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RBC Becomes First Canadian Bank to Sign Renewable Energy Purchase Agreement

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The Royal Bank of Canada, the country’s largest chartered bank and one of its biggest boosters for new fossil infrastructure, is dipping its toe in the world of renewable energy finance by buying into two new solar farms producing a combined 39 megawatts of electricity in southeast Alberta.

“We’re proud to be the first Canadian bank to sign a long-term renewable energy power purchase agreement, demonstrating our commitment to clean, sustainable power,” said Senior Vice President Scott Foster, RBC’s global head of corporate real estate. “This agreement will help support our clients and communities in the areas where we live and work with the low-carbon transition, while accelerating clean economic growth.”

Under the deal with Guelph, Ontario-based BluEarth Renewables, RBC and Bullfrog Power will each buy 31,500 megawatt-hours of electricity from the two solar farms, enough to power nearly 2,600 Canadian homes. The projects “will be two of Canada’s largest solar farms when completed next April, generating 80,000 megawatt-hours annually, and are expected to inject C$70 million into the province’s economy,” BNN Bloomberg writes.

“Bullfrog Power has always aimed to bring major new solar energy generation to the Canadian grid,” said President Sean Drygas. “We’re thrilled to make that a reality with the Burdett and Yellow Lake Solar Project, and we’re proud to show our community how power purchase agreements can help build a renewably-powered future.”

“BluEarth has long believed in the potential of the Alberta market, and we’re thrilled to begin construction of the Burdett and Yellow Lake Solar Project in August 2020,” said President and CEO Grant Arnold. “This is more proof the market works and solar in Alberta is competitive.”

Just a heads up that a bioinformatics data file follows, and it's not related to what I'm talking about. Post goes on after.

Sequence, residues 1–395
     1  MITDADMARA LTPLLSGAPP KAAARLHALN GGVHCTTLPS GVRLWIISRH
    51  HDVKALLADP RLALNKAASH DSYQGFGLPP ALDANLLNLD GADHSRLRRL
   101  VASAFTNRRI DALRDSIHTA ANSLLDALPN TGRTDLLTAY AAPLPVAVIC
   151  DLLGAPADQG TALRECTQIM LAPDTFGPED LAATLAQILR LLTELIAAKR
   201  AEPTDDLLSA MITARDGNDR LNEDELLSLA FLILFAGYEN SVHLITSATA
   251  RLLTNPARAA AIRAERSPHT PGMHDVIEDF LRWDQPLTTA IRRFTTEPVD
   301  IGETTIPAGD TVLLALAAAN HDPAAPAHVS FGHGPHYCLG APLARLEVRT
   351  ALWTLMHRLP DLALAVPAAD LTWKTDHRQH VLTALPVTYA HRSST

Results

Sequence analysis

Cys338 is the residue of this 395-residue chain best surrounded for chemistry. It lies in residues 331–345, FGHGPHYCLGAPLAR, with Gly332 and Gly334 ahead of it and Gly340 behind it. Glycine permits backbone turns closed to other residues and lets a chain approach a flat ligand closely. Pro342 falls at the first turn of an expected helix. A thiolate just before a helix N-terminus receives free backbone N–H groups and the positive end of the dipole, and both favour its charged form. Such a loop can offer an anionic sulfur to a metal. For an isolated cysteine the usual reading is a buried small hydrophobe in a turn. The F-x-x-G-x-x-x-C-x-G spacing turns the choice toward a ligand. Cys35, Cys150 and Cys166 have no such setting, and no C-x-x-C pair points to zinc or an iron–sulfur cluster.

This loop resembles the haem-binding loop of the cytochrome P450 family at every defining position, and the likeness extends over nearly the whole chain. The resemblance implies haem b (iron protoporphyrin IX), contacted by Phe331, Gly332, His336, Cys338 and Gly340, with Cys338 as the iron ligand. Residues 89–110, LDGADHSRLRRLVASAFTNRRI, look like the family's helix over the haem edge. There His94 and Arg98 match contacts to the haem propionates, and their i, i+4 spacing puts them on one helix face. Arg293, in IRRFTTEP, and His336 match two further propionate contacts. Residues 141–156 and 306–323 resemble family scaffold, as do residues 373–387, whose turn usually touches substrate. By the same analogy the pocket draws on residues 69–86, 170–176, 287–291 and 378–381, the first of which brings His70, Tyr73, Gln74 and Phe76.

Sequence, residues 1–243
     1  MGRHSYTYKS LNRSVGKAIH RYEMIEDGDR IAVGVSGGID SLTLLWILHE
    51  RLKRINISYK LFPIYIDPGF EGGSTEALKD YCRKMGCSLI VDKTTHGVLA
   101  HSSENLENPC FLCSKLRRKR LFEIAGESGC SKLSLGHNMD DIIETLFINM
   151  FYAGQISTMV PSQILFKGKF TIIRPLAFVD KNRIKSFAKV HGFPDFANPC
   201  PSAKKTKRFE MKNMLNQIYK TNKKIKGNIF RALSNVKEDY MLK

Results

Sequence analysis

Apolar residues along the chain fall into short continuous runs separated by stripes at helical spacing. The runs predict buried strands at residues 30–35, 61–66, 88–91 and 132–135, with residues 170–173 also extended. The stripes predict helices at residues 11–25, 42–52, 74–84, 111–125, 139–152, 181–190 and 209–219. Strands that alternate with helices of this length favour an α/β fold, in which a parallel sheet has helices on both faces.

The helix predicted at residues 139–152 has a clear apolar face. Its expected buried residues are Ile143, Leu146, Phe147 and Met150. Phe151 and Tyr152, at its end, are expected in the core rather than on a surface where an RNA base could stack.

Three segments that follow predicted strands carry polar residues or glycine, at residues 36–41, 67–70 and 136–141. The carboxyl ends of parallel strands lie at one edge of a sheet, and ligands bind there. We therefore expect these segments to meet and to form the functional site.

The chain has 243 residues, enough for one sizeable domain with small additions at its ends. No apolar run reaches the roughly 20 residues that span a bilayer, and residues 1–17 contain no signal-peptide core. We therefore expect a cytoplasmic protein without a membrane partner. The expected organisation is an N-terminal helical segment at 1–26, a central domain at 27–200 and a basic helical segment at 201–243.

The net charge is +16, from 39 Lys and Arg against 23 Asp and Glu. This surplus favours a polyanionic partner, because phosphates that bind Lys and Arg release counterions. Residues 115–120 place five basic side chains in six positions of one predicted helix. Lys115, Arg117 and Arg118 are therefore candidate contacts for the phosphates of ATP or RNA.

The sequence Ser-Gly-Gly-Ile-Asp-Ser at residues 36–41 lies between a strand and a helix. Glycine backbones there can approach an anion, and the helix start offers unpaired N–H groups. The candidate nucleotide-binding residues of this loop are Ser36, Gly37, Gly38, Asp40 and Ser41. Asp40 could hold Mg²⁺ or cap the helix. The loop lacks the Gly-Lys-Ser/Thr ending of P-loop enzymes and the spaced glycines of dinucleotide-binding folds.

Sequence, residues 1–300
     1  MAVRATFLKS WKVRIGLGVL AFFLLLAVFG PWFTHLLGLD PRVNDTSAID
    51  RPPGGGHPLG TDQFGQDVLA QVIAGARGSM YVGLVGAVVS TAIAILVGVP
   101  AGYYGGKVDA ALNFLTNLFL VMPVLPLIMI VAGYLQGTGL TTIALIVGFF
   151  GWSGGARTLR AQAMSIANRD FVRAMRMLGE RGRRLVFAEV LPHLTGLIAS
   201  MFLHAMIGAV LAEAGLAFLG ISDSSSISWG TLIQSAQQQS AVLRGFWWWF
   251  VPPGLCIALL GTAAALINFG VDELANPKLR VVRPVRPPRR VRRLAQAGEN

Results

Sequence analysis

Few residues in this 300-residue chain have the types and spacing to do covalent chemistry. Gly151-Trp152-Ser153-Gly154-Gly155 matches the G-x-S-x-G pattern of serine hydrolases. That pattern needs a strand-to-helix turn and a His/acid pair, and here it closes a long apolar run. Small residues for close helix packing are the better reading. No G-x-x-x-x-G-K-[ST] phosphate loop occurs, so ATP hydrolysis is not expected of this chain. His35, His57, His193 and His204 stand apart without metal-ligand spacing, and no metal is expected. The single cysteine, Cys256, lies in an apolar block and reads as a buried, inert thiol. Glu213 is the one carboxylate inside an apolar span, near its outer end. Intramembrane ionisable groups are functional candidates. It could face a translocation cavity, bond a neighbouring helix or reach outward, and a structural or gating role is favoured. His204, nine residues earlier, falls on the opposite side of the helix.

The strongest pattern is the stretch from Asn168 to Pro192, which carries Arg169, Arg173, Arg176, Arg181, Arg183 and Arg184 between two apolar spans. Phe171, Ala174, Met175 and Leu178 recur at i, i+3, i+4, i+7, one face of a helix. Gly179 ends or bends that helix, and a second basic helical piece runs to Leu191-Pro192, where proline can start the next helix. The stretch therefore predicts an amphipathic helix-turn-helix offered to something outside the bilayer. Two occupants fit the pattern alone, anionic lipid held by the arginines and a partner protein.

The Pembina Institute says the project will also create 300 construction jobs in Alberta.

Bullfrog says the installations will be Canada’s eighth-largest solar project, and Alberta’s first utility-scale solar venture, when they’re complete. The company’s release points to corporate power purchase agreements as a financing strategy that “enabled well over 9 GW of wind and solar development in the United States last year, and now they’re bringing new renewable opportunities to Canadian businesses.”

The release includes a 100-second video explaining how virtual PPAs work.

“PPAs allow companies to shrink their carbon footprint while enabling a specific renewable project to get off the ground,” Bullfrog writes. “In these contracts, a buyer like Bullfrog or RBC guarantees the developer, BluEarth in this case, a fixed price for energy from a project that has yet to be built. This guarantee gives the developer the financial security they’ll need to get their project approved, secure its funding, and build it.”

“The fact that RBC, Canada’s largest bank, is joining forces with Bullfrog Power and BluEarth Renewables on this solar energy project in Alberta is a testament to renewable energy as a viable investment and energy source,” said Julia-Maria Becker, director of Pembina’s Business Renewables Centre Canada. “Partnerships like these, fostered through BRC-Canada, are invaluable as we work to diversify our economy to withstand future disruptions and to stave off the most destructive impacts of climate change.”

Bloomberg says the deal will contribute to RBC’s plan to reduce greenhouse gas emissions from its operations 70%, and source 100% renewable and non-emitting electricity, by 2025.

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